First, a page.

Following on from last years EP, ‘Of Maids And Mariners’, Hertfordshire folk trio Jess Distill, Hannah Elizabeth and Kathy Pilkinton return with their much anticipated second album, Here’s A Health, another fine collection of traditional, self-penned and cover material that again spotlights their immaculate harmonies.
Variously playing violin, piano accordion, mandolin, flute, clarinet, whistles, electric bass and Appalachian mountain dulcimer, they’re also joined on a couple of tracks by Lukas Drinkwater and Chris Cleverley.
Following the brief a capella ‘Preamble’, an invitation to “come lift up your voices”, things get under way proper with the traditional ‘The Bird’s Courting Song’, a three-part seventeenth-century children’s nursery rhyme from the Appalachians that features Jess on flute and comes with a “towdy, owdy, di-do dum” chorus. Hannah provides the violin-driven tune for the waltzing ‘The Maid Of The Mill’, a traditional eighteenth-century ballad, supposedly about Mary Leonard, a Hertfordshire lass who spurned any number of admirers before finally marrying, the words penned by the local curate, one of the unsuccessful suitors, with Drinkwater on double bass.
The traditional seam continues to be mined with their arrangement of ‘Sweet William’s Ghost’, Jess providing the tune for this cut up lyric tale of a woman being visited by her lover’s ghost and being invited to share his grave, the vocals given a simple dulcimer backing.
Another nod to the trio’s playful nature, next up is an unaccompanied cover of Tom Paxton’s quirky children’s song, ‘Jennifer’s Rabbit’, then, again featuring Drinkwater, it’s back to the traditional meadow with another three-part harmony showcase in ‘The Bonnie Earl O’Moray’, a traditional Scottish ballad about the murder of James Stewart, the titular earl, by his arch rival, the Earl of Huntly, in 1592, supposedly because the former was accused of plotting against King James VI. Interestingly, the line about him being laid upon the green gave rise to the term Mondegreen, meaning a misheard song lyric that changes the meaning, on account of the American writer Sylvia Wright hearing it as ‘Lady Mondgreen’ and assuming it to be his lover.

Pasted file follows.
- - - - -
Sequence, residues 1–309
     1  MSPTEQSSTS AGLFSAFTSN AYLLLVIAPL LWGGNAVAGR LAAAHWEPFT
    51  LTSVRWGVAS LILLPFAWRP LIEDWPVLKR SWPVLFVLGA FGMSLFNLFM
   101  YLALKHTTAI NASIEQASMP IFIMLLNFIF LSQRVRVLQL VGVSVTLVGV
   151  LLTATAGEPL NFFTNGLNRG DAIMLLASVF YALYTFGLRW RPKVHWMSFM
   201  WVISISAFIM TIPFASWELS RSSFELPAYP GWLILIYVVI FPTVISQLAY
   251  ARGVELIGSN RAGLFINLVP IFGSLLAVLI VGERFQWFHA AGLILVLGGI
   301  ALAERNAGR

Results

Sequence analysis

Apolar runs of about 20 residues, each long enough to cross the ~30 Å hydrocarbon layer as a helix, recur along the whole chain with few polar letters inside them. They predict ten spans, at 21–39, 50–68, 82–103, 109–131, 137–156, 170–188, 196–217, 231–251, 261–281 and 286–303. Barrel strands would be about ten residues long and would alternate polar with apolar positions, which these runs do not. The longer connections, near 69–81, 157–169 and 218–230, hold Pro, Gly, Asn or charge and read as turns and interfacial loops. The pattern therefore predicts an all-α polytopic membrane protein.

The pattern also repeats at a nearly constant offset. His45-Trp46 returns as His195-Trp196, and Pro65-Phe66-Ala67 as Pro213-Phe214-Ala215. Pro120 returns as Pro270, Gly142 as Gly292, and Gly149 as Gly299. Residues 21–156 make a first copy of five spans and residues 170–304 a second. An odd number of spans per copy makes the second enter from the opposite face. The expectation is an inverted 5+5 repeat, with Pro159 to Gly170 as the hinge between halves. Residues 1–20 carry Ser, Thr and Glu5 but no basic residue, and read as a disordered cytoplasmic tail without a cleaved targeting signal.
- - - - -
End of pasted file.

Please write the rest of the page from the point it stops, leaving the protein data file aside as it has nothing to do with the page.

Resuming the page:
The first of the original material comes with ‘Polly Can You Swim?’, co penned by Distill and Pilkington and featuring Andrew Simmons Elliott as the sailors chorus, a sprightly sea shanty rather at odds with its words about accounts of women being thrown overboard for fear of them placing curses on ships. Of course, testing by sink or swim was also applied to witches and, sure enough, it’s followed by Distill’s particularly grisly ‘Black Annis’ based on the Leicestershire legend of a child-eating witch told by parents to keep their kids in after dark, Jess taking lead against the harmonies and accompanied by a vocal drone.
Keeping things dark, piano accordion introduces the traditional American murder ballad, its drone complemented by dulcimer in an otherwise a capella reading of ‘In The Pines’ inspired by recordings by both Lead Belly and Nirvana before Hannah’s spare mandolin makes its appearance in the final stretch.
Spirits are suitably raised with a return to native soil and an unaccompanied version of the erotic euphemistic Norfolk reel ‘The Bird In The Bush’, otherwise known as ‘Three Maids A-Milking’, ahem, from whence comes the album title. Pilkington’s contribution to proceedings is ‘Take The Night’, a sprightly strummed acoustic and violin-coloured tale based on the legend of a Hertfordshire highwaywoman, Cleverley joining them on banjo, the album then closing with a fine unaccompanied take on Richard Farina’s ‘Quiet Joys Of Brotherhood’, learned at the request of the late Dave Swarbrick when they supported him in 2015.
Maybe it’s just the time of the year, but there’s a crispness and ambience to the album that conjures bracing winter mornings and nights around the fire, but really, this is an album for all seasons.
Artists’ website: www.saidthemaiden.co.uk
‘Jennifer’s Rabbit’ – live and just for fun:
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